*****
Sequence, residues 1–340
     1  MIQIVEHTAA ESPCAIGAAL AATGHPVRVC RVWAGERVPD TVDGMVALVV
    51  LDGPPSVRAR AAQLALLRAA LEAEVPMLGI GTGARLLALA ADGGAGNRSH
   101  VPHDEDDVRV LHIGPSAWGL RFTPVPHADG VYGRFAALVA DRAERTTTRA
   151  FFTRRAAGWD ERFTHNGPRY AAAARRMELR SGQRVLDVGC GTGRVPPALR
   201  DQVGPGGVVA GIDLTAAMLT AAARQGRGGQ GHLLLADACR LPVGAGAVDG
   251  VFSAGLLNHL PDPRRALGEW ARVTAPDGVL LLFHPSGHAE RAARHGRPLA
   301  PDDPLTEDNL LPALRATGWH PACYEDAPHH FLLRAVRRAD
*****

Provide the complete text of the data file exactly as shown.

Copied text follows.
Sequence, residues 1–340
     1  MIQIVEHTAA ESPCAIGAAL AATGHPVRVC RVWAGERVPD TVDGMVALVV
    51  LDGPPSVRAR AAQLALLRAA LEAEVPMLGI GTGARLLALA ADGGAGNRSH
   101  VPHDEDDVRV LHIGPSAWGL RFTPVPHADG VYGRFAALVA DRAERTTTRA
   151  FFTRRAAGWD ERFTHNGPRY AAAARRMELR SGQRVLDVGC GTGRVPPALR
   201  DQVGPGGVVA GIDLTAAMLT AAARQGRGGQ GHLLLADACR LPVGAGAVDG
   251  VFSAGLLNHL PDPRRALGEW ARVTAPDGVL LLFHPSGHAE RAARHGRPLA
   301  PDDPLTEDNL LPALRATGWH PACYEDAPHH FLLRAVRRAD